In my experience (and those of several other moms I have talked too), breastfeeding is definitely NOT awesome for the first few weeks, but after that, it does become awesome, or at least easier and more convenient. So, I think the reason that lactivists encourage mothers to breastfeed so strongly, is because it IS hard in the beginning, but for many moms it DOES get easier. Not for everyone of course, and some moms can’t make enough milk or just don’t want to breastfeed or prefer to bottle-feed, so whatever that’s fine. But if someone does want to breastfeed, I don’t think it’s bad to encourage them to get past the first initial weeks (which ARE difficult) because it really DOES get easier for *many* (not all, but many) moms. I’ve very glad I stuck through the first 3-4 weeks of difficulty with breastfeeding, because I went on to have over a year of breastfeeding ease, which was totally worth the initial difficulties…if anything just for the all the money I saved on not buying formula. That’s been my experience anyway…but I don’t think it’s that unusual an experience.

    • Dr Kitty

      I also had a very similar experience. I wanted to continue, my mum said it was the same for her and thence t got better, so I just carried on, because I wanted to.

      The issue though is that for many women the first few weeks are SO grim that it just isn’t worth it for the marginal benefits BF will give over FF.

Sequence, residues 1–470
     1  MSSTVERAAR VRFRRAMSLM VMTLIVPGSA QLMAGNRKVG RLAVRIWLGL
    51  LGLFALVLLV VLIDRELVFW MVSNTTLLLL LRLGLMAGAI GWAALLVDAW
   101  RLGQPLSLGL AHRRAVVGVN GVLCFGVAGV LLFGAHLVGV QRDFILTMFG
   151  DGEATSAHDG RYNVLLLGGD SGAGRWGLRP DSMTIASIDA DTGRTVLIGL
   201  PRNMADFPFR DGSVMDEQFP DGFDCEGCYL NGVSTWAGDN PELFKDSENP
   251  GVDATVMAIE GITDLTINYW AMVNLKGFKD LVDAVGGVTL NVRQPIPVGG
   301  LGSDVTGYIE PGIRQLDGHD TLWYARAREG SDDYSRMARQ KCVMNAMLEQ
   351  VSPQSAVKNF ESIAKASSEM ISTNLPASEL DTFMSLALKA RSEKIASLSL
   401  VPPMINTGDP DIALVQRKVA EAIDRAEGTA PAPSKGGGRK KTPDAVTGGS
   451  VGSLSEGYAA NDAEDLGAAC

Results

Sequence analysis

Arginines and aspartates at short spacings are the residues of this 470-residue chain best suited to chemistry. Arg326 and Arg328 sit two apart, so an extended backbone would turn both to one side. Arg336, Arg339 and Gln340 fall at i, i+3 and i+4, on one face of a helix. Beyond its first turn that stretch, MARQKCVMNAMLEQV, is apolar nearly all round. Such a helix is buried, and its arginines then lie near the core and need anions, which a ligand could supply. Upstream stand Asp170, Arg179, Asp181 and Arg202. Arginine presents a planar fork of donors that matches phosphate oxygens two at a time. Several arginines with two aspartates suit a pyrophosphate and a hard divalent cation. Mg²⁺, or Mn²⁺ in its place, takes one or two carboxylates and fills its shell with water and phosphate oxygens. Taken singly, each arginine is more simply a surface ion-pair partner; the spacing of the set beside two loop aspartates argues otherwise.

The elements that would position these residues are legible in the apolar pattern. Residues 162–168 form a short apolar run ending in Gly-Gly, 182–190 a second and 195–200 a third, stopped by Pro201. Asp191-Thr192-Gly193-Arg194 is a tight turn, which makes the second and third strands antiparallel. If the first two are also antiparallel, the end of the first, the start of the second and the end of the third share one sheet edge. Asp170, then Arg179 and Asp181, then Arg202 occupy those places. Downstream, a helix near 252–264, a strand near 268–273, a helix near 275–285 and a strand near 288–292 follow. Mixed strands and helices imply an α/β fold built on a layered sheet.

Instead of treating women as rational adult human beings who are able to interpret information, report problems, weigh up pros and cons and draw appropriate boundaries, the lactivist approach is to deny or minimise problems and overstate benefits to the point where women are shamed or guilt tripped into BF beyond the point where they find it acceptable. Not cool.

    • anion

      It was mine, too, with my second. I had an awful time with my first–I wasn’t making enough milk, it was horribly painful, I developed a scab on my nipple which was not only painful but kind of yucky, and I had PPD which made the whole thing worse. With my second I just kept moving the bar, telling myself I *could* give up but I’d aim for the duration of the hospital stay, then a week, then another week, then a full month, and so on. I knew I could do even something difficult for a week, so thinking of it in terms of short-term goals rather than long-term really helped me. (It also helped that it was way easier with my second: plenty of milk, much less pain, etc.) I loved nursing her and we ended up doing it for seventeen months. In retrospect I wish I’d tried a little harder with my first, but I don’t blame myself either.

      I always suggest the “short-term goal” thing to friends who are on the fence, though. (And we supplemented our second with one bottle a day so I could get up and make dinner or shower or whatever, which I think helped me, too.)

  • Anna